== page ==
Dr. Rugo: STK11 (also known as LKB1 or liver kinase B) is a gene that makes an enzyme called serine/threonine kinase 11. This enzyme functions to suppress tumor development.  Mutations that cause loss of function in this gene result in the Peutz-Jeghers Syndrome, which is associated with an increased risk of developing a number of different cancers as well as polyps in the bowel. Although breast cancer risk is increased in patients with Peutz-Jeghers, this represents a very, very small fraction of all breast cancers.

Interestingly, recent research has identified a large number of somatic or acquired mutations in the STK11 or LKB1 gene, and these mutations have been found in a number of common cancers including lung, cervical, breast, intestinal, testicular, pancreatic and skin cancers.  This is now of interest as a possible target for treating cancer, or as a marker to predict response to specific targeted therapies. 

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Question: Are there studies regarding the likelihood of differences in breast cancer recurrence between people with and without the BRCA gene mutations? There seems to be little info on people with TNBC without BRCA mutations. 

Dr. Rugo: It appears that the risk of recurrence is relatively similar regardless of whether you are born with a mutation in a BRCA gene.  The risk of developing a new breast cancer is higher in women with BRCA mutations, but this does not affect the risk of having an already-diagnosed cancer return in other parts of the body. Recent data suggest that cancers with BRCA mutations may be more sensitive to specific types of chemotherapy or novel agents that cause damage to tumor cell DNA or prevent repair from chemotherapy-induced damage, but this is still being confirmed in ongoing research. 

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Question: Dr. Sledge mentioned that it is beneficial to lower total dietary fat. Does this include all types of fat? Monounsaturated fat? Polyunsaturated fat? Saturated fat? I tend to include olive oil in my diet... should I exclude all fat?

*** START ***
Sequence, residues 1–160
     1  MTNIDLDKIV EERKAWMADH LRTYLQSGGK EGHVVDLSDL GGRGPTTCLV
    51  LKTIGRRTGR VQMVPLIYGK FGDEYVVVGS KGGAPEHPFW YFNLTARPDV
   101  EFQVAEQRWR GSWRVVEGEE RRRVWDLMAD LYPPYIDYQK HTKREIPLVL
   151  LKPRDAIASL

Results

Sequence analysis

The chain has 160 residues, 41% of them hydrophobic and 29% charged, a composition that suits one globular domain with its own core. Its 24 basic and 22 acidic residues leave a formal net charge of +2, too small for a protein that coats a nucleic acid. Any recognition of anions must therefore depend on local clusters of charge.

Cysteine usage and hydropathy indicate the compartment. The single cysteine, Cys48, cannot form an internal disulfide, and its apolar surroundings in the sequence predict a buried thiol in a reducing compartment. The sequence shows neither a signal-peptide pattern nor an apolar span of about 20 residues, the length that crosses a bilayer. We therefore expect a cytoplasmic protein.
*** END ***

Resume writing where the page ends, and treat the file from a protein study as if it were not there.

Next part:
Dr. Rugo: One randomized study that evaluated the effect of diet change on outcome after breast cancer suggested that lower intake of fat could be associated with less recurrence.  However, women who adhered to a lower intake of dietary fats also lost weight, which might also have a positive effect on recurrence risk.  Another large study that evaluated a diet high in fruits and vegetables compared with standard dietary information found no difference in risk of recurrence.  A diet with a lower intake of saturated fats has many health benefits, so is recommended regardless of whether a person has been diagnosed with breast cancer.  Olive oil is a healthy form of fat that does not appear to be harmful in the amount usually ingested in the diet.

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Question: How does it affect your prognosis if you have TNBC but tested negative for the BRCA mutation?

Dr. Rugo: The prognosis of TNBC is related to the extent of cancer at diagnosis, and the biology of that cancer, which determines its responsiveness to chemotherapy. The BRCA mutation may make these cancers more sensitive to chemotherapy agents that damage tumor DNA, but it appears that a number of TNBCs without BRCA mutations are also sensitive to these chemotherapy agents.  Researchers are working on a test to try to figure out which TNBCs are more sensitive to specific types of chemotherapy.  At the present time, prognosis appears to be similar regardless of whether the TNBC is associated with an inherited mutation in a BRCA gene or not. 

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Question: If BRCA1 is linked to TBNC, what about BRCA2 & TNBC? Different follow-up? What is the best source of information? 

Dr. Rugo: Most but not all BRCA1-associated cancers are triple-negative, but a proportion are estrogen receptor-positive.  The same is true in reverse for BRCA2 mutations: most cancers are estrogen receptor-positive, but some are triple-negative. Treatment and follow-up should be based on the biology of the diagnosed cancer, not only the BRCA mutation.  Prevention or prophylaxis is based on the risks associated with the inherited BRCA mutation.

The best sources of information are the NCI website, the American Cancer Center, LBBC, and others.